ADELAIDE – It seems indisputable that the ruling and business elites have given up on climate change.

By their calculus, the potential cure (massive decarbonisation and an associated massive restructuring of the economy) is much worse than the disease because it will necessarily restrict their ability to make a great deal of money.

Also, to be brutally honest, citizens in the developed world are not going to accept a conscious decision to embrace a life in which there is much less ‘stuff’.

Continue reading "The lone and level sands stretch far away" »


Kiap nation builders do not need a memorial

BILL BROWN MBE

SYDNEY - I read ‘The Forgotten Australian Patrol Officers’ by Luke Gosling OAM MP and wondered who had misled him and who determined that the majority of kiaps supported a memorial for kiaps.

I am one of the former kiaps who think the memorial concept is a nonsense.

Distinguished former kiaps like Harry West and Fred Kaad have departed, but they did not support the push for either a medal or a memorial.

Continue reading "Kiap nation builders do not need a memorial" »


There are hidden traps in helping others

PHILIP FITZPATRICK

TUMBY BAY - There are vast numbers of volunteers out there in the community. They are all doing good work and most will derive a lot of personal satisfaction from this.

Very few of them expect monetary recompense for what they do. Or even recognition.

These factors distinguish them from what we normally regard as the impulse that drives philanthropy.

Continue reading "There are hidden traps in helping others" »


Society & civilisation ruined before our eyes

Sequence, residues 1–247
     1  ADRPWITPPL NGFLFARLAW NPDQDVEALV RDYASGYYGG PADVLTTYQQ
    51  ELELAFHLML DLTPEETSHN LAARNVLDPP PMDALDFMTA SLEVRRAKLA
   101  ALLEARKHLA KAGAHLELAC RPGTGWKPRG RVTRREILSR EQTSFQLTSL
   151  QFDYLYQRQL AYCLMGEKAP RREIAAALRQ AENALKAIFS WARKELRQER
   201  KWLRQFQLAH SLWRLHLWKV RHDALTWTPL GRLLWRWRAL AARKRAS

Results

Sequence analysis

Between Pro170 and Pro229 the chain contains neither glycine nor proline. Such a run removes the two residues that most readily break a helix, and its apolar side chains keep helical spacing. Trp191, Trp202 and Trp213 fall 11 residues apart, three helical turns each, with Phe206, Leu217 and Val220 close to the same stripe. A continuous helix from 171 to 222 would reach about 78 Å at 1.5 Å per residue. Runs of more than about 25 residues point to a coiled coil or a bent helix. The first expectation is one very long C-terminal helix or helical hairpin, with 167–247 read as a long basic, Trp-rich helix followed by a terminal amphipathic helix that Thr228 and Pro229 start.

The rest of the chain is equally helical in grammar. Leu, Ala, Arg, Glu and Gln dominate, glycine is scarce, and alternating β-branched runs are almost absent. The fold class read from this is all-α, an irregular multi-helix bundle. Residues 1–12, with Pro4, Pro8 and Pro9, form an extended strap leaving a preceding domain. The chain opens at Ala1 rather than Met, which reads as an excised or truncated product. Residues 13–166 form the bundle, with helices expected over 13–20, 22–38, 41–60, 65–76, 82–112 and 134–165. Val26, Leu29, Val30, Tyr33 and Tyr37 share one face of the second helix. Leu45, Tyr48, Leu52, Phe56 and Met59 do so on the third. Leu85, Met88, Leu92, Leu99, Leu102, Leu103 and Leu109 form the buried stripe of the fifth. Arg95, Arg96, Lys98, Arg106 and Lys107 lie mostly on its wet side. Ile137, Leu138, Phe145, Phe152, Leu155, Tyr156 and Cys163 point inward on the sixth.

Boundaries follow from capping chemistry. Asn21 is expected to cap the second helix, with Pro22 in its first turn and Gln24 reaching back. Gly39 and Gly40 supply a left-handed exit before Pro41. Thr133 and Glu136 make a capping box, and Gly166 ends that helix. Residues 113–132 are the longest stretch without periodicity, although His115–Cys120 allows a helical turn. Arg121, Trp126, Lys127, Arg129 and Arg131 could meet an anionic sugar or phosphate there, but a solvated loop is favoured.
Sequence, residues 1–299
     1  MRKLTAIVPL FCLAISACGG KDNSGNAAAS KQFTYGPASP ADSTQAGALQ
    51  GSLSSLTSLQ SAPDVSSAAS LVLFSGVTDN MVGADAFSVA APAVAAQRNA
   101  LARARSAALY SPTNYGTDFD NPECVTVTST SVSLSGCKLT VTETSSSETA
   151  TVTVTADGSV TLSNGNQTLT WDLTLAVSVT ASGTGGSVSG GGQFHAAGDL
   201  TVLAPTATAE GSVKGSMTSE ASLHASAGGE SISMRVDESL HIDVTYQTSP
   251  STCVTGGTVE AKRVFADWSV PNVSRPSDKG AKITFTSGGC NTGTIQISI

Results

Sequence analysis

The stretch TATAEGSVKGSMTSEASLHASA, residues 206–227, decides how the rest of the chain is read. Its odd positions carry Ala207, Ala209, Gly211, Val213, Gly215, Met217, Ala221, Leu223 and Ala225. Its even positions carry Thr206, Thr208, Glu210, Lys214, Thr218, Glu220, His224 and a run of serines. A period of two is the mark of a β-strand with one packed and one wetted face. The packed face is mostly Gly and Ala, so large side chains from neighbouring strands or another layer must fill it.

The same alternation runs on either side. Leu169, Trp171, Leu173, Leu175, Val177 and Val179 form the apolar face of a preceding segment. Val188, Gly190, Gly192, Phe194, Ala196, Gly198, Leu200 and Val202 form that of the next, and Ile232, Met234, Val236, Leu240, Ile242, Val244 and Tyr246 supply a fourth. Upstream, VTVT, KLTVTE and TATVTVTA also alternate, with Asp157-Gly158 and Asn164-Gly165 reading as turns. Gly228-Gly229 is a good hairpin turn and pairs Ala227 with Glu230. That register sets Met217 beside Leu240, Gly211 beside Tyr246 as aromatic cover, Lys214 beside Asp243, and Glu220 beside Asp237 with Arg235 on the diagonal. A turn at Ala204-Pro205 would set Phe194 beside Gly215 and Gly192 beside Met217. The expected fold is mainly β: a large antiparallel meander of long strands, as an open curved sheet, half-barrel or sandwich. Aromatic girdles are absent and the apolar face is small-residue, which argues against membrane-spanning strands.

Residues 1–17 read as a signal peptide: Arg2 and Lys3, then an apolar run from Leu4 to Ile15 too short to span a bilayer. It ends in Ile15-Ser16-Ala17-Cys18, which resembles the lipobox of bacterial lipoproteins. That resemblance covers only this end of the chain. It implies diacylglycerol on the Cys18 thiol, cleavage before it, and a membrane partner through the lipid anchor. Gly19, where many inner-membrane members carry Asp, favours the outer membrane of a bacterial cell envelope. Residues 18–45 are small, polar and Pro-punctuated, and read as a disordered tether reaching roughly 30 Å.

PAUL OATES

CLEVELAND – It’s very clear that Australia’s political system is fractured and no one has any idea how to fix it.

We’ve been watching the watering down of a new Integrity Commission. Both sides of politics – Labor and Liberal National – conspired to do that. What have they got to hide?

A huge credibility gap seems to have silently snuck up on us old timers.

Continue reading "Society & civilisation ruined before our eyes" »


The puzzle of development: Is it good or bad?

PHILIP FITZPATRICK

TUMBY BAY – This may surprise you, but it’s a statement of truth: Many countries we term ‘developing’ don’t need development to create democracy.

And this is because traditional societies in countries like Papua New Guinea were always democratic, possibly more so than countries like Australia and the USA which boast about their democracies.

What these former colonised countries now need are governments that uphold the democracies they once knew.

Continue reading "The puzzle of development: Is it good or bad?" »


Xi & Albanese: Can we seize the opportunity?

Whilst I hold Australia rather than China most responsible for the tension, our media has played a big part in promoting hostility. It has been a shameful performance from many ‘senior’ journalists and I don’t exclude ABC journalists with their attack dog style